The way Berkus tells it, the feeling was mutual. “They are, as a family, among the most down-to-earth people I have ever worked with. It was apparent to me that this was about creating a beautiful and comfortable family home, not for entertaining per se. It was going to be a gathering place for all of them to relax and unwind,” he says. Berkus worked with the Romanos on every detail of the build, helping to choose everything from materials to artwork. “We laughed the whole time,” Berkus says.
Despite La Quinta’s proximity to the midcentury-modern mecca Palm Springs, Berkus wasn’t too keen on leaning into kidney-shaped-pool Americana. Instead, he looked to Italian country homes, specifically Sicilian farmhouses, which are often quite boxy and unadorned. “We showed Anna a lot of those images and she responded right away. A lot of homes in their neighborhood are quite designed. This project, from the very beginning, was about what we could subtract, and what we could do to make something simpler and more elegant,” he says.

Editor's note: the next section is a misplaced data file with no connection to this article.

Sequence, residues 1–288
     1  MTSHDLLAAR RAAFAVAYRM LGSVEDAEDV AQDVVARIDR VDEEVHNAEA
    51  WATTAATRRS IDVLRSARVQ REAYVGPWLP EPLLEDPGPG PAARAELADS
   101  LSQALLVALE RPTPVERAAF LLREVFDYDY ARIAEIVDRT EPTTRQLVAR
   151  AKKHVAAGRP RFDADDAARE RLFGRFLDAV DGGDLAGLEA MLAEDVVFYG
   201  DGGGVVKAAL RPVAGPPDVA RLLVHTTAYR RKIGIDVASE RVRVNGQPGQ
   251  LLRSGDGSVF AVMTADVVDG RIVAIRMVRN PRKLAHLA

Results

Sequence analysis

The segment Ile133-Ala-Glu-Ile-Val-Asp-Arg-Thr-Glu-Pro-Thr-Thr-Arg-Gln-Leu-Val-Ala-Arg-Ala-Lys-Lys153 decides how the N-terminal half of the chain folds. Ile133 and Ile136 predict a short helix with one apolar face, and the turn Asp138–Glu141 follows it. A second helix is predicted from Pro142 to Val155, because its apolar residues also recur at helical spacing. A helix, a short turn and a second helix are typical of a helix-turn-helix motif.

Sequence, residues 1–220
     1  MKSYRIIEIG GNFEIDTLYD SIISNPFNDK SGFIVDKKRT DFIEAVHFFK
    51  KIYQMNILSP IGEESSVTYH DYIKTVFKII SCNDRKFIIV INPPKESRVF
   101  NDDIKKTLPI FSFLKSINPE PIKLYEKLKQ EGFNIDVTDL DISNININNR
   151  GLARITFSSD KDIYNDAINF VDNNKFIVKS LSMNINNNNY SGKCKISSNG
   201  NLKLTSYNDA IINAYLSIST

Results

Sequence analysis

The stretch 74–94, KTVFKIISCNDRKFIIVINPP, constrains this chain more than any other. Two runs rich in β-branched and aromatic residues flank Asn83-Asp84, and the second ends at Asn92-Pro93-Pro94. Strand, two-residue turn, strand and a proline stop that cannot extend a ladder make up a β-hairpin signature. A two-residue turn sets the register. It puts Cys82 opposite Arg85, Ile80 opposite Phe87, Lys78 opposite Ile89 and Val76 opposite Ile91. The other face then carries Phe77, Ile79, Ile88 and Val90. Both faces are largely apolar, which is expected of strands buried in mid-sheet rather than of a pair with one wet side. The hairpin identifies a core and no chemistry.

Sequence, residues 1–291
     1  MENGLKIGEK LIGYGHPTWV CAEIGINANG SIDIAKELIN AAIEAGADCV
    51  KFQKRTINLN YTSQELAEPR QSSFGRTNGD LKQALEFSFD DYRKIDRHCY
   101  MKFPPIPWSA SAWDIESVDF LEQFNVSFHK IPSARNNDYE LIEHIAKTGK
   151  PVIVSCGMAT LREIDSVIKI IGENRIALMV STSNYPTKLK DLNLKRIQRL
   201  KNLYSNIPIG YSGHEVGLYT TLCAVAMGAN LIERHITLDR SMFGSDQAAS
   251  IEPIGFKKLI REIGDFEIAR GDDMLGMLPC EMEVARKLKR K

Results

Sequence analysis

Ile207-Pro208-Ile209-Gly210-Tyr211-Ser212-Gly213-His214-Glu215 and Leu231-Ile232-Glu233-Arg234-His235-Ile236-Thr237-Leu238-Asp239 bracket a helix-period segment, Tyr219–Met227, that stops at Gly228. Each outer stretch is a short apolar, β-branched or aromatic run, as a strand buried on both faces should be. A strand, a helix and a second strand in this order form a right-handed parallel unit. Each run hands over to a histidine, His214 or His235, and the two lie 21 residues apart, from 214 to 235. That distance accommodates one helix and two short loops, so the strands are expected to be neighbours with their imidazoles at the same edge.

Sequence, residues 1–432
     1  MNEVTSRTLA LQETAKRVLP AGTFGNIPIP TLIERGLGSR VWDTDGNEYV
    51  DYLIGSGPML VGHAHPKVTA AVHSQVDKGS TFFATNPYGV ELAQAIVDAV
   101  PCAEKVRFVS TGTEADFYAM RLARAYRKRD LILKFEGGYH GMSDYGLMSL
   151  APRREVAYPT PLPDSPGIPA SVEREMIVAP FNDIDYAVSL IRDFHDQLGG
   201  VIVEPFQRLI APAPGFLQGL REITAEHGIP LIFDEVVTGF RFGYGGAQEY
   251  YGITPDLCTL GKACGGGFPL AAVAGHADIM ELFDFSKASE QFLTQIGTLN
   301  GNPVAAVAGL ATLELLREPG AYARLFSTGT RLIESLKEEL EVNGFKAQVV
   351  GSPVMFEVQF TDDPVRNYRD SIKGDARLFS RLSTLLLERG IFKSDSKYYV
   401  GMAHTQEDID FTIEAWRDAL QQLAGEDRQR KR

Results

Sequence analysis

While Anna was deeply involved with the design process, Ray had just a few requests, all of which were delivered on. “I wanted some kind of cozy feel to it. That’s all. I was very vague,” he says. “In the bedroom, I wanted a pop-up TV. That was important for me. And I fell in love with a bunk bed room that we saw at the Ritz-Carlton in Sundance that my kids stayed in. And I said, ‘I want a room like that.’”
Of course, these days, the kids aren’t staying in the bunk bed room when they visit. Two out of the four of them are engaged, and each has their own bedroom. The bunk bed room is for someone else entirely: “We’re waiting for grandkids,” Anna says. And though there are no little ones in the family just yet, the beds will be filled this April when guests arrive to celebrate the wedding of one of the Romanos’ sons. They’ll be hosting a post-wedding breakfast at the home, with the splendor of the desert mountains serving as the perfect backdrop.
Shop out the look of the house here ⤵